Kuriles row tarnishes Japan's world image: Boris Yeltsin's decision to cancel his visit comes at a bad time for the Japanese, writes Terry McCarthy from Tokyo

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The Independent Online
PRESIDENT Boris Yeltsin's abrupt cancellation of his planned visit to Tokyo at the end of this week shocked the Japanese government and has left both sides even more apart in their emotional stand-off. But while Russia is the immediate loser, in that it will continue to be denied Japanese aid, Japan also has suffered a serious setback in the realm of international diplomacy.

The reason for Mr Yeltsin calling off his trip is clear: Japan is demanding the return of the Kurile Islands, which Russia invaded at the end of the Second World War, before it will grant Moscow any substantial economic aid. Mr Yeltsin has come under intense pressure from conservative hardliners in Moscow to make no territorial concessions to Japan, and finally he decided to cancel his visit, rather than suffer the humiliation of returning to Moscow empty-handed, as his predecessor Mikhail Gorbachev was forced to do last year.

Japanese diplomats would like to pin all the blame on Russian intransigence, but it is clear that the lack of any sign of compromise from Tokyo in the past weeks contributed to backing Mr Yeltsin into a corner.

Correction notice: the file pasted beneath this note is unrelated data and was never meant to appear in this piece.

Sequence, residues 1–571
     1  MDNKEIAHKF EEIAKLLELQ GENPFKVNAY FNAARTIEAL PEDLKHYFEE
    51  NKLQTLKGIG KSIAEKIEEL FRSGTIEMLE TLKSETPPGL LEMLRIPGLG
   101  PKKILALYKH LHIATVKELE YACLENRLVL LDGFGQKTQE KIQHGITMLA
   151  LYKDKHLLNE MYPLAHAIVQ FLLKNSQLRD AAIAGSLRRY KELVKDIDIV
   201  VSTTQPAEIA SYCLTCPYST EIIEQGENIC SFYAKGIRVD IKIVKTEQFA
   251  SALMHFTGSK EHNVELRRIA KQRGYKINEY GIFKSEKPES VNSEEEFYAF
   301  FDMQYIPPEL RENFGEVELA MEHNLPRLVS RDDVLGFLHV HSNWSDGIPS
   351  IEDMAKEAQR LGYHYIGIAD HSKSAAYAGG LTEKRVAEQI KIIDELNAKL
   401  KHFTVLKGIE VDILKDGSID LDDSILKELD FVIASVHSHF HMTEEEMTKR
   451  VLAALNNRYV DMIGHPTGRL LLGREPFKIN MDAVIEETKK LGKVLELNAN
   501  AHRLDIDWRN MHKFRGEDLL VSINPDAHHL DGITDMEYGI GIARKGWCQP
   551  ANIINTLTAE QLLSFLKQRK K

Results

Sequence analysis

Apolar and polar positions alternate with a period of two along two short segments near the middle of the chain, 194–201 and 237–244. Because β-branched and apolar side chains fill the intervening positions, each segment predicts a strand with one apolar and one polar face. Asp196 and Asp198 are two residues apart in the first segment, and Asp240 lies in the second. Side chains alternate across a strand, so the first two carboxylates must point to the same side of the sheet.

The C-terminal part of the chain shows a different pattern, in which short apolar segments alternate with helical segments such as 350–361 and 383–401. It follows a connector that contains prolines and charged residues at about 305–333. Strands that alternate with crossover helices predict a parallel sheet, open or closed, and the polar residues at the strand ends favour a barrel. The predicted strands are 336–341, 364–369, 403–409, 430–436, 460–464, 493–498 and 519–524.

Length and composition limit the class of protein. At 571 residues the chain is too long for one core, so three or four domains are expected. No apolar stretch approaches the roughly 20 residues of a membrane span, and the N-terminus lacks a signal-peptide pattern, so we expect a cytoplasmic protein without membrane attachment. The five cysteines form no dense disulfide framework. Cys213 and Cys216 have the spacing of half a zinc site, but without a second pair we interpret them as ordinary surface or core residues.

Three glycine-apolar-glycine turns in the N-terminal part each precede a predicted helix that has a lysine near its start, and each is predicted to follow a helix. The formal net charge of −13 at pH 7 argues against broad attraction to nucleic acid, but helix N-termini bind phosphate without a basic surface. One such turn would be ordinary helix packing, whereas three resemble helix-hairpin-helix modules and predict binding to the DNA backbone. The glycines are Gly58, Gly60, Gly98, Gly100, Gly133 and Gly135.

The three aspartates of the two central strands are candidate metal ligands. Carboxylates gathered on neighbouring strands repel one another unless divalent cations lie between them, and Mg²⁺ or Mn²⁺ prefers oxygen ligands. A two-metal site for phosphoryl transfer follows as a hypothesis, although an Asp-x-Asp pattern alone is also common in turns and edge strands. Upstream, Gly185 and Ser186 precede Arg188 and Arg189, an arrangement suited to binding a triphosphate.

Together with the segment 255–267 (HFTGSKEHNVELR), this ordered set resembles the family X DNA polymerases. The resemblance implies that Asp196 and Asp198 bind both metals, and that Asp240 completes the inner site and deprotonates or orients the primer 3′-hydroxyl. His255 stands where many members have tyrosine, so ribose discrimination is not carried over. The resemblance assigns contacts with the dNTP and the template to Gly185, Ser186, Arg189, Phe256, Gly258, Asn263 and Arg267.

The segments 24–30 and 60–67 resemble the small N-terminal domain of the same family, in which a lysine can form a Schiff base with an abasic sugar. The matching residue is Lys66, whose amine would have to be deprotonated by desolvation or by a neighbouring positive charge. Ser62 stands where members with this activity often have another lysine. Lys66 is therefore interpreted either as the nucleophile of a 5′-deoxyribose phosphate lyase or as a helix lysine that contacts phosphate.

'Tokyo's insistence on playing hardball with an emerging Russian democracy, while far less palatable leadership waits in the shadows, is at best foolhardy, if not irresponsible,' said Paul Summerville, chief economist for Jardine Fleming in Tokyo.

Japan's partners in the developed world may not judge it so harshly - most are resigned to Tokyo's hardline stance. But the danger for Japan is that the dispute with Russia over four windswept islands in the Pacific may overshadow its attempts in other parts of the world to play a more responsible diplomatic role.

This year was to have seen the beginning of a new international image for Japan, as it struggles to free itself from war guilt in Asia and a world-wide view that it can only engage in chequebook diplomacy. After an acrimonious debate, it has finally decided to send troops to Cambodia to take part in United Nations peace-keeping operations next month, and Emperor Akihito is to make the first visit by a Japanese emperor to China, in an attempt to build bridges between Asia's two most powerful nations.

In the longer term, Japan is lobbying to become a permanent member of the UN Security Council, as well as a special observer to the Conference on Security and Co-operation in Europe (CSCE). Most embarrassingly, Tokyo is to host an international conference on providing aid to the former members of the Soviet Union in October.

So why jeopardise the diplomatic goodwill from all these other enterprises? The main reason is domestic politics. A large swath of the political establishment and the general population is still deeply hostile to Russia, and a compromise with Moscow would be bitterly resisted by conservative groups. Ultimately, Russian and Japanese intransigence look remarkably similar.

(Photograph omitted)